For a perennial runner-up brand, Pepsi-Cola's been having an unusually high-profile year. First came a controversial logo redesign and the leaking of an even more controversial creative brief that revealed Arnell Group's bizarre strategy behind the redesign.
Now, from opposite ends of the Western Hemisphere, come two very different yet equally remarkable stories about Pepsi branding.
In Argentina, it seems, as in much of Latin America, "Pepsi" is pronounced "Pecsi."* Rather than fight, Pepsi opted to switch. Its new marketing campaign in Argentina actually respells the venerable (since 1898) brand name:
Translation: "Drink Pecsi, save [money]. Drink Pepsi, too."
The verbs are in the archaic second-person plural familiar tense (vos)
used almost exclusively in Argentina.
As part of the campaign, Pepsi (or Pecsi) compiled an online "Pecsipedia" of slang terms used mostly by residents of Buenos Aires, known locally as Porteños. According to the introduction, "It doesn't matter how we say it, let's speak the same language."
Something similar (minus the respelling) is going on with Pepsi in Quebec. Pepsi-Cola opened its first bottling plant outside the United States in Montreal, in 1934, and Quebecers have preferred Pepsi to Coke ever since. In fact, according to a report in the New York Times, "Pepsi’s main brand commands 29.9 percent of the retail soft drink market in Quebec, based on volume, compared with 12.3 percent for Coke." What's more, "The Canadian Oxford dictionary defines 'pepsi' as derogatory term for a French Canadian, 'from the perceived Québécois preference for Pepsi-Cola.'”
Now, to celebrate the 75th anniversary of Pepsi's Canadian presence, the company has launched a Quebec-specific campaign featuring a 1967 clip of French president Charles de Gaulle advocating Québécois separatism.
Pepsi's Quebec strategy actually goes back 25 years, according to a fascinating article in the Montreal Gazette, "How Pepsi Won the Quebec Cola Wars." In 1984, Pepsi launched a mammoth global campaign, "The Choice of a New Generation," starring Michael Jackson, David Bowie, and Madonna. Quebecers were unmoved. As a result, Pepsi Canada made the bold decision to abandon the New Generation ads and "develop an advertising strategy that would reflect the distinct society’s cultural differences, sensibilities and sense of humour":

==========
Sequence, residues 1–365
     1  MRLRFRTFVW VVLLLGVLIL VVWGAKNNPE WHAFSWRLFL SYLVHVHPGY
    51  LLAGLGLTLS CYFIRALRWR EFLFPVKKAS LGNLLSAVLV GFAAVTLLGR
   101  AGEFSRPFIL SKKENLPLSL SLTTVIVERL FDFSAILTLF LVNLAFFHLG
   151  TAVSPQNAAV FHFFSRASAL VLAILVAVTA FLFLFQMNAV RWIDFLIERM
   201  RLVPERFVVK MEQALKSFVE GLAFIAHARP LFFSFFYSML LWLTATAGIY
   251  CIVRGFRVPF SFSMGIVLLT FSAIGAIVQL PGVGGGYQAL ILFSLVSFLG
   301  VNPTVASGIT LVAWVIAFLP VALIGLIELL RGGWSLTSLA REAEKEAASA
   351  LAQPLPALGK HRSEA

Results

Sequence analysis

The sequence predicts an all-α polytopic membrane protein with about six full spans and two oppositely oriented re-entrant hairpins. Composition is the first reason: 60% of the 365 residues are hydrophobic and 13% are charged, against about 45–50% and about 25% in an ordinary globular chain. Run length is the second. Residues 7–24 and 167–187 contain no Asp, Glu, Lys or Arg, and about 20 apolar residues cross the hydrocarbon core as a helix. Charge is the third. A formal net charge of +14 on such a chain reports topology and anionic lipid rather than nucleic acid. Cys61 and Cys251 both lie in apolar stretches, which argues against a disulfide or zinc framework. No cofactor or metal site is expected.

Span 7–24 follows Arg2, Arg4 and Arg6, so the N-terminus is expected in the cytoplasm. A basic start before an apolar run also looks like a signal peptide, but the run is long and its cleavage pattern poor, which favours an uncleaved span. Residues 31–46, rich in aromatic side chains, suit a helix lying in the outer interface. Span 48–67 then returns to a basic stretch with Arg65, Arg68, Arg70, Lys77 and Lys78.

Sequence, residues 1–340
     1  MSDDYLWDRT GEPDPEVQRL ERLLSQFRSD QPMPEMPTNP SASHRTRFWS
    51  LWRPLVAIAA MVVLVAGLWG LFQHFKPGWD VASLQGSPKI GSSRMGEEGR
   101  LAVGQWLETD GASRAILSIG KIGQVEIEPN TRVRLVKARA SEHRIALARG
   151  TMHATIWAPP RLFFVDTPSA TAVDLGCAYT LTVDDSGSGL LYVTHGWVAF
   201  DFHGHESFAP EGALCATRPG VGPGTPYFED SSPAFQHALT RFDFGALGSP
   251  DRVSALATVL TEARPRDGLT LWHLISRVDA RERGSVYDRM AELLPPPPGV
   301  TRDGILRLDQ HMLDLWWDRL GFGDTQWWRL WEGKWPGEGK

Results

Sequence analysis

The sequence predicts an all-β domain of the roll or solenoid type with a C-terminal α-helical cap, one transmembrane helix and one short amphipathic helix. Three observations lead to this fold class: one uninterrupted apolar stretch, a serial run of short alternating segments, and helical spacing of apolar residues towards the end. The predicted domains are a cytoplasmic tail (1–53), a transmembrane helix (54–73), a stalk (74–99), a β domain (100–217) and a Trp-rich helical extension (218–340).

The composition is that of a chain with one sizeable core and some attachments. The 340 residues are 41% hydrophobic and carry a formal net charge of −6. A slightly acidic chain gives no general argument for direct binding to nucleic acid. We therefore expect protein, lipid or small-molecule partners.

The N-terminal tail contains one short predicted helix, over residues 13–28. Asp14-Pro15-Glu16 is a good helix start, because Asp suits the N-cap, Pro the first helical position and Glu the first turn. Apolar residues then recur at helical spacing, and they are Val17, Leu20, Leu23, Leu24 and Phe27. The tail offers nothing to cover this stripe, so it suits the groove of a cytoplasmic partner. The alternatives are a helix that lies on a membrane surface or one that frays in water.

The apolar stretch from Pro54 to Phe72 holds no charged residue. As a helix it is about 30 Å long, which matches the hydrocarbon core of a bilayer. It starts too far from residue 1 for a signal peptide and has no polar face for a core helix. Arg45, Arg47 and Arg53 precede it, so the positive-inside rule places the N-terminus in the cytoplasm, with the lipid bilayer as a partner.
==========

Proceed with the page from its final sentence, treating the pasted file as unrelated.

“Young Quebecers in the 1980s ... were crowning their own celebrities and creating their own made-in-Quebec lifestyle,” wrote the J. Walter Thompson company in a submission to the Cassies, the Canadian Advertising Awards. “Research revealed an inner confidence among Quebec target groups. ...
“Since Quebec was culturally unique, it had developed its own entertainment system complete with its own stars,” especially in the comedy milieu. “It was a style of comedy that used typical Quebecois stereotypes to redefine the emerging new ‘street-smart’ culture of young, urban Quebecers.”
Claude Meunier, famous for his absurdist humour on Ding et Dong television skits, was chosen.
The theme of Meunier’s ads remained an intractable joie de vivre and an undying love of Pepsi. His brief, 30-second spots debuting in 1985 and featuring a variety of characters and a humour only Quebecers could appreciate became an instant hit.
In 2003, Pepsi launched a new Quebec-specific campaign "featuring five young men extolling the unique elements of Quebec (poutine, potholes, moving day and here we say 'icitte,' not 'ici') under the banner 'Ici, c’est Pepsi.' In the rest of the world, it’s Coke."
People in marketing talk a lot about listening to customers and adapting to local needs. In reality, global brands rarely walk the walk. It's encouraging to see a corporate giant literally speaking the language(s) of its customers in two relatively small markets.
* I've read that this is because the -ps- blend is difficult for Spanish speakers to pronounce. But Spanish, like English, contains a number of loan words from Greek with -ps-: sepsis, catalepsia, and so on. Maybe one of my linguist readers will shed additional light on this issue.